External Developmental Assets

We’re all in this together

As young people grow and learn, they depend a great deal on the adults in their world to guide them. A

strong community of caring adults—providing support, empowerment, boundaries and expectations, and

opportunities for enriching activities—helps young people develop the internal qualities of commitment to

learning, positive values, social skills, and positive identity. In short, young people depend on caring adults

to provide the external assets that lead to a positive environment. External Assets include the first four

asset categories that make up Search Institute’s 40 Developmental Assets, the qualities, experiences, and

relationships that help young people grow up healthy, caring, and responsible.

Here are the facts

Research shows that young people need certain external structures, relationships, and activities in place in

their lives to grow up healthy. Search Institute has identified the following ingredients, known as the

external assets, as keys to creating a positive environment for young people: Support, Empowerment,

Boundaries and Expectations, and Constructive Use of Time.

Tips for building these assets

Creating a strong foundation in a young person’s life doesn’t have to be difficult or overwhelming. Taking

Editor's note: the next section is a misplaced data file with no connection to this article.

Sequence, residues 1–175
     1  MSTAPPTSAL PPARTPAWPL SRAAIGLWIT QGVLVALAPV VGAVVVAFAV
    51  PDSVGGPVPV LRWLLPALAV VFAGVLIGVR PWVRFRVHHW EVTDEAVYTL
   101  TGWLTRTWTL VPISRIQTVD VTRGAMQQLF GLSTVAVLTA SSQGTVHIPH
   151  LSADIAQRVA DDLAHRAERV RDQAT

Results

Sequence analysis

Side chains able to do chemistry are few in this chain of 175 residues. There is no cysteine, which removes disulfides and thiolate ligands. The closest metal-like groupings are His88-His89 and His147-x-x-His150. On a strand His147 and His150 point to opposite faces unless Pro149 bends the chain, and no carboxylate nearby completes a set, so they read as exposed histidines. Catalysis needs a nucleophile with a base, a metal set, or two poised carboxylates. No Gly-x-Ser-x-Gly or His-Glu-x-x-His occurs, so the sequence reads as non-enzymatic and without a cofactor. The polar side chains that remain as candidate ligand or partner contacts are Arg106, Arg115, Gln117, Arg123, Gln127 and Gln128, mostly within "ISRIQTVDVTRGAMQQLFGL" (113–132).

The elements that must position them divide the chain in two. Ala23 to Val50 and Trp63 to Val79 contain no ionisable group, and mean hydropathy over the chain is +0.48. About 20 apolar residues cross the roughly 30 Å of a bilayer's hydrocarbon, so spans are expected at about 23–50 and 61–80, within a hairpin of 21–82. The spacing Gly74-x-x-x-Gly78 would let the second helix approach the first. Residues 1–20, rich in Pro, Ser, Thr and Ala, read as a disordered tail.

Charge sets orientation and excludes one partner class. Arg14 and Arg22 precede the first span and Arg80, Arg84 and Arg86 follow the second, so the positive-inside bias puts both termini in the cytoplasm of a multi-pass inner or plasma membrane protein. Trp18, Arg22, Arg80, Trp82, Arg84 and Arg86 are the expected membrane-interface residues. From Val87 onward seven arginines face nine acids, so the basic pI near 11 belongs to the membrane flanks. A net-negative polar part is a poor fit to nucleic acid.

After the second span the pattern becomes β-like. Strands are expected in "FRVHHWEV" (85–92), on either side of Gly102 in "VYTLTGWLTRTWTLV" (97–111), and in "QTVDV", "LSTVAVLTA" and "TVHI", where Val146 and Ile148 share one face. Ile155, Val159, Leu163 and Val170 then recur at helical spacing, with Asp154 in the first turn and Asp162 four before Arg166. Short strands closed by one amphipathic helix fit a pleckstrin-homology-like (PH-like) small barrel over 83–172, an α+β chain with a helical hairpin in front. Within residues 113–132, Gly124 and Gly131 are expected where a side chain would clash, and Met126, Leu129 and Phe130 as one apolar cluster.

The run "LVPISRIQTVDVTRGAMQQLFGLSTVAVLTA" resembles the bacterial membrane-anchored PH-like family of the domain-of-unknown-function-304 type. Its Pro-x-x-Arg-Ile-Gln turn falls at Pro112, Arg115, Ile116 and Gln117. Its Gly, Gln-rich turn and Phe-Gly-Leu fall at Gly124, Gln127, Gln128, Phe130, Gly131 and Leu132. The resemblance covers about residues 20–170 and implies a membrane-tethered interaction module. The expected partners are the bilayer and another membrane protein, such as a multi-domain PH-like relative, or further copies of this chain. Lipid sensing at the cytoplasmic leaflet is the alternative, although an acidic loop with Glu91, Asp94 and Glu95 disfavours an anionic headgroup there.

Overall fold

time, remaining patient, and giving a whole lot of love and caring will take you far. For most young people,

their family is the center of their lives. Show your children you love them, and also value each one of them

as individuals. Clearly communicate to one another your family’s values, boundaries, and expectations (as

well as those of the community). Give young people the appropriate amount of freedom to make their own

decisions depending on their ages, but also offer options along the way.

Also try this:

In your home and family: Ask your children to name a few people who support them. If they don’t

name at least three adults, invite some of the adults you know and trust to get involved in your

children’s lives.

In your neighborhood and community: Advocate that your community develop meaningful

opportunities for young people, such as creative youth programs or service projects.

In your school or youth program: Make a point to know every young person’s name (no matter

how many kids are involved). Smile when you see them and let them know you expect them to

always do their best. Acknowledge their achievements and help them when they’re struggling.





Boundaries and Expectations

Constructive Use of Time